Labor is holding back bipartisan support for an increased Australian role in the fight against Islamic State in Iraq until it receives a more detailed briefing of high-level talks in Baghdad.
The opposition also warned that excluding the media from Prime Minister Tony Abbott’s unannounced diplomatic mission to the Iraqi capital on Sunday was not in the national interest.
Mr Abbott, in talks with Iraqi leader Haider Al-Abadi, pledged Australia would do ‘everything we reasonably can’ to help Baghdad restore control over its country and citizens.
Mr Abadi told Mr Abbott he wanted Australia to increase the arming and speed-up training of Iraqi forces.
The comments of both leaders have led to speculation that Australia might be prepared to go beyond a limited commitment to what Mr Abbott described as Islamic State’s ‘war against the world’.
Australia is part of the US-led coalition carrying out air strikes against ISIL in Iraq and has deployed special forces troops to assist in training the local army.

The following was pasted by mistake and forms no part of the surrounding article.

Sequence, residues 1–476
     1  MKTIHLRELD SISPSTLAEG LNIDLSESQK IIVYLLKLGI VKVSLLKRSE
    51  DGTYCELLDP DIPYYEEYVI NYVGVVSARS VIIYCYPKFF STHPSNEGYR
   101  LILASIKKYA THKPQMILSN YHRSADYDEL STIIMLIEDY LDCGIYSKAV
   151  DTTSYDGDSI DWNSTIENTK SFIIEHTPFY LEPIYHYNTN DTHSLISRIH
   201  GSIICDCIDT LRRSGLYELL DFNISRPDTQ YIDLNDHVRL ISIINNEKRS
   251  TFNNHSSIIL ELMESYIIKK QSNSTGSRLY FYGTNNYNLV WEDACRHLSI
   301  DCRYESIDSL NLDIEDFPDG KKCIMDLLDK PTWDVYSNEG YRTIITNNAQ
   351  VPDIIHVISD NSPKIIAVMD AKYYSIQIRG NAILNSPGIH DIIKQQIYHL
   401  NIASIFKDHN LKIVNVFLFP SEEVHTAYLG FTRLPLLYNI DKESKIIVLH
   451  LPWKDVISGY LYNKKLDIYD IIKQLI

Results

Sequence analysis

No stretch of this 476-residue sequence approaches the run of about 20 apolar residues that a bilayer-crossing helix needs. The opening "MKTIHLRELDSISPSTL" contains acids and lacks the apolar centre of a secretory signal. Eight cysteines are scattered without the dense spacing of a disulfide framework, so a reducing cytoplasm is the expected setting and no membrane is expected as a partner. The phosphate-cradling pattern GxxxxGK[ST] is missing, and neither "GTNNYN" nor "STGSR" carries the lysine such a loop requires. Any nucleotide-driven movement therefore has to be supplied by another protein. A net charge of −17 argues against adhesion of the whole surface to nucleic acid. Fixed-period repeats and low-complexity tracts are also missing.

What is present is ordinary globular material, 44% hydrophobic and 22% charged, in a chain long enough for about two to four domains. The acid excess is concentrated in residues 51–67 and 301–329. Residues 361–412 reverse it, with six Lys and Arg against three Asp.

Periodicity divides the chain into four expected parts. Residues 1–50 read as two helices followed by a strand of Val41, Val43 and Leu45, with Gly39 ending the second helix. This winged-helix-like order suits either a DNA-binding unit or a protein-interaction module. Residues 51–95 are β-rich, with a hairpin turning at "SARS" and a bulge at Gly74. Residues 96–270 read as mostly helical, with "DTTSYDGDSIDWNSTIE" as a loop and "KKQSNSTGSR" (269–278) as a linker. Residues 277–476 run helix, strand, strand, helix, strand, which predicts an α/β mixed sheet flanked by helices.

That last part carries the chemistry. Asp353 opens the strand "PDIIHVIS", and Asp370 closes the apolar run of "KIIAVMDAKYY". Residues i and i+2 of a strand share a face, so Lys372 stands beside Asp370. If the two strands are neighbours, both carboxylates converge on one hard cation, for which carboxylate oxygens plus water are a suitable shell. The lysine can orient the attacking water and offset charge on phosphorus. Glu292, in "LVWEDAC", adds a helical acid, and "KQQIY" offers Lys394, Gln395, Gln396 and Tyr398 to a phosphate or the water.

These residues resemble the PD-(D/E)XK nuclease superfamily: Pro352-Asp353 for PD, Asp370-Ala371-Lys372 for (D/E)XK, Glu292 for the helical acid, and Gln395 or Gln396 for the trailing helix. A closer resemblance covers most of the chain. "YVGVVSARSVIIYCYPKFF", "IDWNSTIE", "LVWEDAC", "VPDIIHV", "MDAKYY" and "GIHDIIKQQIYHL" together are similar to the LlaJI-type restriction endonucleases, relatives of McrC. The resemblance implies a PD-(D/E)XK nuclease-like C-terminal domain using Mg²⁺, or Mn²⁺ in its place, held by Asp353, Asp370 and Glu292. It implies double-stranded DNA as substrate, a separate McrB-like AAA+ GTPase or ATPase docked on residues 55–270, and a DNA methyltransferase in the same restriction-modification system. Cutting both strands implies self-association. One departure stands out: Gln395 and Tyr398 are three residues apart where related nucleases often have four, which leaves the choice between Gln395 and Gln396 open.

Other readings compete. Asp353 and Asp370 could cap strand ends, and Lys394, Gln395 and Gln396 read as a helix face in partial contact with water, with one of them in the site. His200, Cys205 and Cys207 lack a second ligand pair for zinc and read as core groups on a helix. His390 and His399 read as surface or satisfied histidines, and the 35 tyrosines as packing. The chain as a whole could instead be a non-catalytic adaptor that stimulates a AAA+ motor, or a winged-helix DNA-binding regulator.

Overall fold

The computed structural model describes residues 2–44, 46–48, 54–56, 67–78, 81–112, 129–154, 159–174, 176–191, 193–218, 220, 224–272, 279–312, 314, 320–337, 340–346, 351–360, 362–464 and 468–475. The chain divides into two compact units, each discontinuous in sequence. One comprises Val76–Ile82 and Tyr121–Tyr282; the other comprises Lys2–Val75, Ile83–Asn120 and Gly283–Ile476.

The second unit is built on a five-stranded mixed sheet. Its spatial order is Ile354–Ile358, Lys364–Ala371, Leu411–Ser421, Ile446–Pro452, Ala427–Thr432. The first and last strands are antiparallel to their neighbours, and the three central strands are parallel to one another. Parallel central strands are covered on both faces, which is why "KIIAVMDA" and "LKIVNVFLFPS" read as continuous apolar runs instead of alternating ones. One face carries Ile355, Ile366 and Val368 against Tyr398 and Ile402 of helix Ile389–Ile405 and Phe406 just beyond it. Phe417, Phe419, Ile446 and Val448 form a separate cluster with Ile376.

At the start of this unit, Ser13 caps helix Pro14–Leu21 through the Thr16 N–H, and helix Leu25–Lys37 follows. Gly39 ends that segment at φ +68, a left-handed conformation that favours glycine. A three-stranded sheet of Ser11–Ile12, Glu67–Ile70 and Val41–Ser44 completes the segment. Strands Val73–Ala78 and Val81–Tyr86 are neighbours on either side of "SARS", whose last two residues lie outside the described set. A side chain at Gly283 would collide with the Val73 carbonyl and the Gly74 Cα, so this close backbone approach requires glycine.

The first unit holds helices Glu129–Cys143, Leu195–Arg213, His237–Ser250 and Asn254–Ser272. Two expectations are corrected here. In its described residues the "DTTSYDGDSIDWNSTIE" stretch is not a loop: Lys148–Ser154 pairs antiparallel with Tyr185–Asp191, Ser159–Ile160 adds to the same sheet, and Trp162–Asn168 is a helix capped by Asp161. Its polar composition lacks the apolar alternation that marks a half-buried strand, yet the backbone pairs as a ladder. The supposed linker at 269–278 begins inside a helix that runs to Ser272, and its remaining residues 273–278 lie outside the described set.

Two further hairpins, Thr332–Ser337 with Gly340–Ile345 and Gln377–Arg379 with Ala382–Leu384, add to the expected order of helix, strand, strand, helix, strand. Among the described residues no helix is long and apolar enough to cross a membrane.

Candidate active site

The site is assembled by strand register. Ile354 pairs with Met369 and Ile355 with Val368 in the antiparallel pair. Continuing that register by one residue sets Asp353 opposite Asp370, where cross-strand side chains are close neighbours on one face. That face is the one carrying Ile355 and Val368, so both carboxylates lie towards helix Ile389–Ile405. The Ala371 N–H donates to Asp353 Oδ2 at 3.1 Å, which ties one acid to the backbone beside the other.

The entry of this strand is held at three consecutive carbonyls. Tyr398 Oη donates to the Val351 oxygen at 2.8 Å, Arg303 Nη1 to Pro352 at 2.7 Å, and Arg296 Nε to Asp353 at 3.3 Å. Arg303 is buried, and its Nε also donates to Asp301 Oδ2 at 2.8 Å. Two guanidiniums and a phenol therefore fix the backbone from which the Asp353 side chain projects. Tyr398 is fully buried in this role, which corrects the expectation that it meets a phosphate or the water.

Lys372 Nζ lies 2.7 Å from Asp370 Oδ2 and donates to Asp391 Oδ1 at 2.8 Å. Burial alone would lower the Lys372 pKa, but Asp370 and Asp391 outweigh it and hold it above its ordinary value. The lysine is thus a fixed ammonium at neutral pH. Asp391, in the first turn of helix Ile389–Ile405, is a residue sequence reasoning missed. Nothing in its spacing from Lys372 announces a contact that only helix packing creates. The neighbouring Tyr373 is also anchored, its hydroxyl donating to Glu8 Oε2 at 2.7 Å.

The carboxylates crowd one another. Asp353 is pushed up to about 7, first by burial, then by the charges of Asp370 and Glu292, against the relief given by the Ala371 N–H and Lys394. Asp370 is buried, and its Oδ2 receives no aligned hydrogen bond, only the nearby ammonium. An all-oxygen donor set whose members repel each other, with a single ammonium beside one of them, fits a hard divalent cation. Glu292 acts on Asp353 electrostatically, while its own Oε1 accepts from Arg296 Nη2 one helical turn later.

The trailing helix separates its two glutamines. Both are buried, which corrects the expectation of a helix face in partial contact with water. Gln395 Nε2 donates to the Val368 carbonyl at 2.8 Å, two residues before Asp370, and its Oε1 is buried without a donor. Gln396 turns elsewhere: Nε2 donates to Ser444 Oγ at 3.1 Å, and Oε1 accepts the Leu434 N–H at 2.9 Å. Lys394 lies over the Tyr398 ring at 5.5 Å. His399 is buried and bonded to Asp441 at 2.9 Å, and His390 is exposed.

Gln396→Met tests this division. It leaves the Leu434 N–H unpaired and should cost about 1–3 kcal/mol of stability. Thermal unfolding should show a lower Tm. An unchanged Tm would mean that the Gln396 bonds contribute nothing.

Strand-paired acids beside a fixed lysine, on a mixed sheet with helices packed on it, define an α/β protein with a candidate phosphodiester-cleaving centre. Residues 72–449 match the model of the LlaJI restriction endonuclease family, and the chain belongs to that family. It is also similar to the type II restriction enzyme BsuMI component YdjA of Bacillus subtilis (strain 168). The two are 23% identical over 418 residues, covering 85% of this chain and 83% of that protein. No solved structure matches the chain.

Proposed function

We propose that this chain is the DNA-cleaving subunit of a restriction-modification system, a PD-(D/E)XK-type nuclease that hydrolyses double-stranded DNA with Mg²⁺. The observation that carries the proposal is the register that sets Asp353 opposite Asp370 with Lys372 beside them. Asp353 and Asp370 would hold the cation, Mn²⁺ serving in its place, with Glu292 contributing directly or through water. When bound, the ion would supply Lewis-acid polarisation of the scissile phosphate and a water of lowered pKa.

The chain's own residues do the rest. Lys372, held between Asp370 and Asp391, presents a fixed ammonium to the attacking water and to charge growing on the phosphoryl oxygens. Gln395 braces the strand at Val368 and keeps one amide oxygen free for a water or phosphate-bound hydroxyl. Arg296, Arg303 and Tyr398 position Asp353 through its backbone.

Mr Abbott, speaking alongside Mr Abadi after their talks, said Australia was determined to deepen its co-operation with Baghdad and the people of Iraq in the weeks and months to come.
The opposition is not yet prepared to provide support for any increased commitment until it gets a detailed briefing of the Baghdad talks from the government.
Asked whether Australians should be preparing themselves for a larger military engagement, acting opposition leader Tony Burke told reporters in Canberra: ‘I’m not going to be flagging something like that on the back of a report I haven’t seen verified.’
Labor, however, does support the government’s decision to provide an additional $5 million for the World Food Program in Iraq to feed about 350,000 people during the next month.
The commitment brought Australia’s total humanitarian commitment to Iraq to $22 million since mid-2014, Mr Abbott said.
The prime minister, together with Defence Minister Kevin Andrews and defence force chief Mark Binskin, joined Australian personnel for a barbecue in Baghdad.
He told them he had planned to make the visit before Christmas, but the opportunity was closed because of the fatal Martin Place siege in Sydney.
‘Everyone wants you to help the Iraqis to knock off ISIL,’ Mr Abbott said.
‘You are doing our bit for Australia, for the Middle East, and for the wider world.’
Australian media were excluded from covering Mr Abbott’s sudden visit to Baghdad, in a departure from previous practice.
The decision prompted a rebuke from the opposition.
‘It is the government’s interest, the national interest and only fair to the Australian people that there not be a culture of secrecy,’ Mr Burke said.